As e_{QM} =E{eQ}, it is possible to write: ##EQU14## as differentiation is a linear operator. We consequently obtain: ΔW_{ij},n =-αE{g_{ij},n}

In order to carry out the learning phase, it is hence necessary to know the gradients g_{ij},n of the error with respect to a weight: ##EQU15## from relations (2) and (6).

Thus, by setting ##EQU16## we obtain g_{ij},n =-δ_{j} O_{i},n

All that is needed now to obtain g_{ij},n is to define δj. By applying elementary rules of differential calculus, it is seen that δj can be expressed as a function of the terms: ##EQU17## relative to the neurons k of the layer following it. In effect: ##EQU18## can be expressed as ##EQU19## being the previously-defined interval. ##EQU20## can be written as ##EQU21## succ (j) identifying the neurons of the layer immediately following the layer where neuron j is situated. ##EQU22## from relations (2) and (6). Additionally, ##EQU23## In effect, O_{j},n =f_{xj},n, and from relations (1) and (4) ##EQU24## which gives the following expression for δj in terms of the δk's for the neurons k of the following layer: ##EQU25##

For the particular case of the last layer, δj is readily expressed as a function of the type of error that is chosen, as, in effect: ##EQU26## Now, from relation (7), for the neurons j belonging to the last layer: ##EQU27##

We consequently have δj=-(xj-tj)F_{s} (Xj).

Thus, using iteration and making use of the successive quadratic errors between the target outputs and the actual outputs obtained, it is possible to determine the coefficients W_{ij},n, this constituting the learning phase.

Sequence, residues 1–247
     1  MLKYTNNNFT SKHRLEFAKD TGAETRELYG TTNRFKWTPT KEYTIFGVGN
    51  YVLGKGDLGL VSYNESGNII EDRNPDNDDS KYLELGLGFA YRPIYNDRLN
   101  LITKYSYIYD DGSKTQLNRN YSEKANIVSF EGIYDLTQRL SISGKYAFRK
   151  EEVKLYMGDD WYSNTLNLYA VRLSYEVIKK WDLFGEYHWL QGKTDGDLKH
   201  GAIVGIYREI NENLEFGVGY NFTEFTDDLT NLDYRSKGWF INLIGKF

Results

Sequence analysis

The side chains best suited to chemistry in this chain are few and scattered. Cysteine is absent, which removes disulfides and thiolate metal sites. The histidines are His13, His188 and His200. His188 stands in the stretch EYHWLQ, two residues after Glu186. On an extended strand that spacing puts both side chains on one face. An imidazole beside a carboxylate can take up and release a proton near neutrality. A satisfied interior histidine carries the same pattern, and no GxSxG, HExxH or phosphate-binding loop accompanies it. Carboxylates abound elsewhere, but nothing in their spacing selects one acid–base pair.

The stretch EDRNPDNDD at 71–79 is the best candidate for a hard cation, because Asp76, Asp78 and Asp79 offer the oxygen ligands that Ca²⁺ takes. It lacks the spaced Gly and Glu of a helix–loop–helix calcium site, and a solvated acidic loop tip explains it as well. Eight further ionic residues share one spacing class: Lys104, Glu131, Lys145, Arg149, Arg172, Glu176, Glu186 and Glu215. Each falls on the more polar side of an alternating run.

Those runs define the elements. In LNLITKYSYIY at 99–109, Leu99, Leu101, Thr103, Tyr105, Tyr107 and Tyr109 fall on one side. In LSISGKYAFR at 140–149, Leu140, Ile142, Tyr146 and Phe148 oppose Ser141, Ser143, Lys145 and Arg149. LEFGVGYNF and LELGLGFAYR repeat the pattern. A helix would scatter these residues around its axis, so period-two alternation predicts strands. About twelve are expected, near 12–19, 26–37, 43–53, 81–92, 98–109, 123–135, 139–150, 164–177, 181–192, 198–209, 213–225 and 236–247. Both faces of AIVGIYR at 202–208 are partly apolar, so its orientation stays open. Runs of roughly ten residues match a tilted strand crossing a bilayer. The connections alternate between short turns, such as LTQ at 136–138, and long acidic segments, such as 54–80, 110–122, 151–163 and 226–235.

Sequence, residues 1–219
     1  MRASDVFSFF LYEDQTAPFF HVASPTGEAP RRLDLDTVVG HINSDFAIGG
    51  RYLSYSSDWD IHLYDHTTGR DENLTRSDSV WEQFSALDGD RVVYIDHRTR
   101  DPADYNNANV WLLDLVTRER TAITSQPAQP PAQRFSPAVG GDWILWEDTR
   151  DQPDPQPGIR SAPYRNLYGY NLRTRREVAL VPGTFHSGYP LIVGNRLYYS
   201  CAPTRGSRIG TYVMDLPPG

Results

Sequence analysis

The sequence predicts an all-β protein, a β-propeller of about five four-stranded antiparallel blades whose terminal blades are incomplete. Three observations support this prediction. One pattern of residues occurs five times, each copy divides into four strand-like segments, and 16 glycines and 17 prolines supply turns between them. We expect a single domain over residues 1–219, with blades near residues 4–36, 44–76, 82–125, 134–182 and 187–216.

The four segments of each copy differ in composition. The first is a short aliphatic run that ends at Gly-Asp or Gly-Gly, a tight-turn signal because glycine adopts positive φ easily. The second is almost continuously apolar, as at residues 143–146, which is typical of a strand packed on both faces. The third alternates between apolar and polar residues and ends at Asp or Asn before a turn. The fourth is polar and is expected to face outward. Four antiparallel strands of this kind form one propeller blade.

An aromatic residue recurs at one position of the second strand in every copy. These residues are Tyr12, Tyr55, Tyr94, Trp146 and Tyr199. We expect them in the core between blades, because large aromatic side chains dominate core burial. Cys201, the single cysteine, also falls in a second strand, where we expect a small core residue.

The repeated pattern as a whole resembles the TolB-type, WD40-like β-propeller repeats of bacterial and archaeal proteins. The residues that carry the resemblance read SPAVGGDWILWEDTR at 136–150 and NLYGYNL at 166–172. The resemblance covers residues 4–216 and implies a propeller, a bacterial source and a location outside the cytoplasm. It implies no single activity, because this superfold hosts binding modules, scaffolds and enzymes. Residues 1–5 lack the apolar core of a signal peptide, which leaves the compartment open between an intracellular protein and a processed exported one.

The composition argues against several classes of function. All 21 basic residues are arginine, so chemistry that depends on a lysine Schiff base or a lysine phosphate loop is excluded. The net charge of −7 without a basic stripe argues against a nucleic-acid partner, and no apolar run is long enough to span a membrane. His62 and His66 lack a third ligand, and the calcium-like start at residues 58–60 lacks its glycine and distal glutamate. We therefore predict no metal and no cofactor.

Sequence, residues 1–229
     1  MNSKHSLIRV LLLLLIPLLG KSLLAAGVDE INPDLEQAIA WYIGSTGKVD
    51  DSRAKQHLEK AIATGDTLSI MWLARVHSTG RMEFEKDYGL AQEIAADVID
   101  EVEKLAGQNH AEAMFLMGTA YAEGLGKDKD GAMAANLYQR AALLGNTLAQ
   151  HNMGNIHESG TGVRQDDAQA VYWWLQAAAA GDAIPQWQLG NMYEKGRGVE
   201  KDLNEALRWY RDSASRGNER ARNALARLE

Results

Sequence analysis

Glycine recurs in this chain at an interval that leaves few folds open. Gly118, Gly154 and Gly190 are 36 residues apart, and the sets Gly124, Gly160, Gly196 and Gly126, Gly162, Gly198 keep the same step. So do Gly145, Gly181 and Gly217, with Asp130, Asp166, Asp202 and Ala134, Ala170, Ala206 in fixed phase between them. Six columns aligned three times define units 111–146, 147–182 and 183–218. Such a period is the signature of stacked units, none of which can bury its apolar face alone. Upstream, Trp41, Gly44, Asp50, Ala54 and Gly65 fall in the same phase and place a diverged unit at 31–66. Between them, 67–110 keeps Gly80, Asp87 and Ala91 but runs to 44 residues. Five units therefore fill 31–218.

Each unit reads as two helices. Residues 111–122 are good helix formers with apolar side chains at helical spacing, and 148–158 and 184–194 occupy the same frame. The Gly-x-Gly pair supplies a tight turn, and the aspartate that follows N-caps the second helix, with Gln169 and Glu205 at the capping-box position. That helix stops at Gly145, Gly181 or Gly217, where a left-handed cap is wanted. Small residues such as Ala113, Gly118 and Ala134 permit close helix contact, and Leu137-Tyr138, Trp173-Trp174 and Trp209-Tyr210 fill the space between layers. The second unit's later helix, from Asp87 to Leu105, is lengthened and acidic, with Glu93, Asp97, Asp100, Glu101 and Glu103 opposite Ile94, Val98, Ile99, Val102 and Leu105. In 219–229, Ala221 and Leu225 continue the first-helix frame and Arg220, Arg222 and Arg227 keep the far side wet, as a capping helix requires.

The method according to the invention can advantageously be applied to space dimension reduction, notably in signal processing for example. Thus, in numerous signal processing applications, observation is effectively represented by a vector belonging to a space of dimension N. The components of this vector are very frequently not independent and are in reality limited to a hyper-surface of dimension M, M being less than N. Some methods of analysis do in fact allow this hyper-surface to be approximated to a hyper-plane. When the hyper-surface is highly curved however, this approximation is not satisfactory, and currently no satisfactory method is in existence. The method according to the invention enables satisfactory results to be obtained. The example that follows considers a two-dimensional case, but is representative of any other higher-dimension problem. In FIG. 4a, the hyper-surface S is represented by a quarter of a circle of unit radius 50.

The data to be processed are synthetic data represented by vectors with coordinates (a,b) chosen at random over the quarter S of the circle in accordance with a uniform law that is a function of, for example, angle. FIG. 4b shows the neural net employed in accordance with the invention, a and b being the input data. The d functions, 41 and 42, are distribution functions yielding the distributed scalar representation functions f_{a} and f_{b} defined as in relation (1), neurons 43, 44 and 45 being connected in accordance with the method of the invention. Function f_{x1} is the distributed scalar representation function representing the state of neuron 1, indicated by reference numeral 43. A and B are the values obtained at the output from the net. During the learning phase, the net is set up by a self-associative method, meaning that the target values required at the output from the network are equal to the data supplied at the network's input; in this case, if a and b are input data and A and B are the output data obtained, the error e_{Q} of the squares is given by the following relation: ##EQU28##